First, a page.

When the Smithsonian set out to find an architect for its south campus redesign—a 20-year project that will overhaul the Institution's oldest buildings—they cast an extremely wide net, searching both at home and abroad for a firm that could blend innovation with respect for historic buildings. After careful consideration, they settled on BIG-Bjarke Ingels Group, a New York and Copenhagen based firm that bears both the name and vision of Bjarke Ingels, a 40-year-old architect from Denmark.
"The Smithsonian is the national museum of America, and it’s located right smack in the middle of the capital, framing the Mall on both sides. In terms of its cultural and historical significance, and of course also the content—the different museums and educational institutions that are a part of the Smithsonian—makes it a super interesting place to work with," says Ingels.
After nearly a year-and-a-half of planning, BIG has revealed its plans for the campus redesign, which includes renovations to the Smithsonian Castle, new entrances for the National Museum of African Art and the Arthur M. Sackler Gallery and improved access to the Freer Gallery of Art and to the Hirshhorn Museum and Sculpture Garden.
"Where today each museum is almost like a separate entity, in the future, it’s going to be a much more open, intuitive and inviting campus to meander around," Ingels said.
Because the Sackler Gallery and the National Museum of African Art are located underground, beneath the Haupt Garden, the entrances to either museum are less noticeable than entrances to other museums. Ingels hopes to fix this by elevating the Haupt Garden at either corner to create angled entrances to the underground museums. "It’s almost as if the spaces underground open up and reveal themselves to the garden and to the Mall," Ingels says. Renovations will increase gallery space in the Sackler and African Art by 30 percent, and skylights will help bring more natural sunlight to the galleries.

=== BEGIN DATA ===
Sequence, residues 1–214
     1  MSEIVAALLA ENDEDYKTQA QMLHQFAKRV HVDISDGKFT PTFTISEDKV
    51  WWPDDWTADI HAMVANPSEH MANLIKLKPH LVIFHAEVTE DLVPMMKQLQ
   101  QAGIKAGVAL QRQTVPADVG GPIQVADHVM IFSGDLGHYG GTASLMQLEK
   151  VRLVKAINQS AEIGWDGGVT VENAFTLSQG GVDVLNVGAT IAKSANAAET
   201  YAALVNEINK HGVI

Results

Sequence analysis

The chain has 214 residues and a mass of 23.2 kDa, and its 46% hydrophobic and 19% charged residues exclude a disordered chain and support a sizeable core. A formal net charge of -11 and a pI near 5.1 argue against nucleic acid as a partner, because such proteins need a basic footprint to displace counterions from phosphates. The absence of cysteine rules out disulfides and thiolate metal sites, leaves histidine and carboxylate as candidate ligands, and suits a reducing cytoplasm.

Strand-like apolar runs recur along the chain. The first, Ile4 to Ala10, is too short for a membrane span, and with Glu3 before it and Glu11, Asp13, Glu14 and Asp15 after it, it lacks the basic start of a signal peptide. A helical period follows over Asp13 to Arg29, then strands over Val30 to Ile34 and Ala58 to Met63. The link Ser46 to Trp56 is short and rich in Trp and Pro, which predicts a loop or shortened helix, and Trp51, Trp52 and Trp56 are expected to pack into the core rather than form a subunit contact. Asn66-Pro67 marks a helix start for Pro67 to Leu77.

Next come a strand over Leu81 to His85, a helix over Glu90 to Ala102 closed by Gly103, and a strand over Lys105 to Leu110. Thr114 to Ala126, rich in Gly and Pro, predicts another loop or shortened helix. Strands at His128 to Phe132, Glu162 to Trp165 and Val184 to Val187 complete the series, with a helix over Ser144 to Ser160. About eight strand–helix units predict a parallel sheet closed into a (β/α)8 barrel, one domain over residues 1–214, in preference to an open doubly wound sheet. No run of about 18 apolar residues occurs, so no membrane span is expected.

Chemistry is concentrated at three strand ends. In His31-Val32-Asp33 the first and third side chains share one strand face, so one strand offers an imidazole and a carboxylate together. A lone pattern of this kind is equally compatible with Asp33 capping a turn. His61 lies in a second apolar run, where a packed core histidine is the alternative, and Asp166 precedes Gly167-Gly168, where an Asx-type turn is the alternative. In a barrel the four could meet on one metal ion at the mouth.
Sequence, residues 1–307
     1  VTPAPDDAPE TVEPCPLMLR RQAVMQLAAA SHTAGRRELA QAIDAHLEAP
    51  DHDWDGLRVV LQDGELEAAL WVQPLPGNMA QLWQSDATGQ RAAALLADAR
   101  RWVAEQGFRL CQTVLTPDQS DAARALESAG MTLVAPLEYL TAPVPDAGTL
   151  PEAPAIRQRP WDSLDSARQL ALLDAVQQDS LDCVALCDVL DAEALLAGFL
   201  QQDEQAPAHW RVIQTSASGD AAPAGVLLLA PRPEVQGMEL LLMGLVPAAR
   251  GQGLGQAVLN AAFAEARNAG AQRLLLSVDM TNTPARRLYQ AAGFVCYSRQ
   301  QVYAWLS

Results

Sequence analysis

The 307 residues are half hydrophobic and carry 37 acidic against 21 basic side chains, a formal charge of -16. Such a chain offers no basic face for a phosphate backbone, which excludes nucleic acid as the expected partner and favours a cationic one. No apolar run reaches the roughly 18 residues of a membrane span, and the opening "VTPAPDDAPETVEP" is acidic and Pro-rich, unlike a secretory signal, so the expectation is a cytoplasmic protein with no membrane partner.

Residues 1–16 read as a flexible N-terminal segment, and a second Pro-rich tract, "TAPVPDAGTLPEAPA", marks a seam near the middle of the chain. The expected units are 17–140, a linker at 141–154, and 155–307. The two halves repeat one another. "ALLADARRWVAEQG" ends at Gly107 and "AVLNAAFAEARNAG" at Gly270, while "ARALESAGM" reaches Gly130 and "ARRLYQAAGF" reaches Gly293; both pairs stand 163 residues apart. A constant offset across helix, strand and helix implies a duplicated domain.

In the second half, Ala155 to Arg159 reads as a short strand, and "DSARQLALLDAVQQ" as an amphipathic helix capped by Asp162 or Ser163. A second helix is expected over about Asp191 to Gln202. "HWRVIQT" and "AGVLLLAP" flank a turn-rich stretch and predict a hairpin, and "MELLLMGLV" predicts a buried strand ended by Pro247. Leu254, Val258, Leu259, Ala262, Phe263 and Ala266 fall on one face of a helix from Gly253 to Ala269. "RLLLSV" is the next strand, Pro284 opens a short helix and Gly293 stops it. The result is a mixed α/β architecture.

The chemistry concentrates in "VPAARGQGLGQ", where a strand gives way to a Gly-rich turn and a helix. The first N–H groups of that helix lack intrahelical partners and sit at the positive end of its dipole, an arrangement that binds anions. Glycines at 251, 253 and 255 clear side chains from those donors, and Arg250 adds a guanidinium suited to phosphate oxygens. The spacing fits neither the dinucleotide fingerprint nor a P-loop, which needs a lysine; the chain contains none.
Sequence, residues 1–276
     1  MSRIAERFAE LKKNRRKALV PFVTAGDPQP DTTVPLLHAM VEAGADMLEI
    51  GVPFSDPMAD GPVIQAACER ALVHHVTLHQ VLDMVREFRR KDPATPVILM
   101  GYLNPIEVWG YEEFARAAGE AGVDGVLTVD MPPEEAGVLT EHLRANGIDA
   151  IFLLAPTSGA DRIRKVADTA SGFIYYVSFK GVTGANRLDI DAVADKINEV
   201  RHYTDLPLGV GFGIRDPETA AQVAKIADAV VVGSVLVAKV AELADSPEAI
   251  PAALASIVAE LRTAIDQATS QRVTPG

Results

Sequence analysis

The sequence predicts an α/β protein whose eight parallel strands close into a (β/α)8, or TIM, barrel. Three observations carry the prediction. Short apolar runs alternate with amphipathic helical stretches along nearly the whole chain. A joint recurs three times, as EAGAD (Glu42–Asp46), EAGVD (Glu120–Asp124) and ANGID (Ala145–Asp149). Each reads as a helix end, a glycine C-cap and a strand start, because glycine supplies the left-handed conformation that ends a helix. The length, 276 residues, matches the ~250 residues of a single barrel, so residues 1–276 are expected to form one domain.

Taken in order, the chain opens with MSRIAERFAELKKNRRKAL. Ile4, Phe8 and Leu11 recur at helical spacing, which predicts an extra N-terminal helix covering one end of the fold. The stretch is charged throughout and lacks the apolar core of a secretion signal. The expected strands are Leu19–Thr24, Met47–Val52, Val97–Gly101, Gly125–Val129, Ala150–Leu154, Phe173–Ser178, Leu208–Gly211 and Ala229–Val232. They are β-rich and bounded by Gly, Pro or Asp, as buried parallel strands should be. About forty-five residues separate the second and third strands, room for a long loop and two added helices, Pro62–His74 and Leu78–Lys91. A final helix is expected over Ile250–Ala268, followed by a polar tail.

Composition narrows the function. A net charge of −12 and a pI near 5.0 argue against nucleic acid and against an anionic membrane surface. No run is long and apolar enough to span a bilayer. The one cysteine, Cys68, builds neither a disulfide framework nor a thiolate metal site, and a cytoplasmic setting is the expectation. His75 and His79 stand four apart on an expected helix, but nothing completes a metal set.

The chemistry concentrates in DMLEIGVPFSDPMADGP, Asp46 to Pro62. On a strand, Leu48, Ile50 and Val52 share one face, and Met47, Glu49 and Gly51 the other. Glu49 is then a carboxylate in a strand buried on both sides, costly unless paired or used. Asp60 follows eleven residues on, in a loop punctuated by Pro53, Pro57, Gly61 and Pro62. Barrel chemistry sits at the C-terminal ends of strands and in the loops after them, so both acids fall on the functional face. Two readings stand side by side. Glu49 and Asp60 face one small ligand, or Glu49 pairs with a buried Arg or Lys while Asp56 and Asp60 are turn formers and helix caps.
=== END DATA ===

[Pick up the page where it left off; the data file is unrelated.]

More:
He also wants to make the Hirshhorn more accessible off of the Mall by lowering the surrounding wall, which he describes as "incarcerating" the concrete structure. His plan also seeks to put more exhibition space beneath the sculpture garden, so that the museum can accommodate increasingly large modern art installations.
For Ingels, part of the project's unique challenge was balancing innovation with respect for the architectural history of some of the Institution's oldest buildings. The south campus' architecture truly spans nearly every segment in American architectural history, from the Victorian-era Arts and Industries Building to the Hirshhorn's 1970s high Modernism.
"It’s almost turning architecture into an art of reinterpretation," Igels said. "What we tried to do with Smithsonian is reinterpret all of the qualities that are already there, and strengthen and enhance them, and maybe sometimes tweak them, but the point of departure is always the existing character that is there."
The crux of the redesign—and perhaps the first phase that will come to fruition—involves what Ingels calls "the gate to the Smithsonian Institution"—the Smithsonian Castle. Ingels' plan places the Castle front-and-center to a visitor's Smithsonian experience, with expanded visitor services and amenities. The Castle will also undergo innovative seismic upgrades using base-isolation, which effectively places the entire structure on a tray resting on elastic point-foundations that absorb any seismic shock. The base-isolation, while innovative and less intrusive than other methods, also affords the opportunity to dig under the Castle, expanding the underground space for amenities and revealing some of the building's basement vaulted ceilings that have long been hidden from view.
"We're hoping to shift the paradigm away from administration and toward the visitor experience," said Wayne Clough, secretary of the Smithsonian Institution. "The enhancements really focus particularly on public access."
In forming their plan, BIG conducted interviews with directors of individual museums as well as caretakers of the public gardens. The resulting plans, Ingels explains, are the result of a close dialogue with the Institution as well as those who would be most affected by potential change. "The project has gradually evolved and gotten better and better," Ingels says. "Seen from the architect’s perspective, it’s an rewarding way of working because you can test a lot of ideas and you end up with something that is incredibly qualified." The renovations will also result in a 40 percent CO2 emission reduction, with a 34 percent energy savings translating to 53 percent cost savings.
The project is estimated to cost around $2 billion, which will come from a mix of federal and private funds.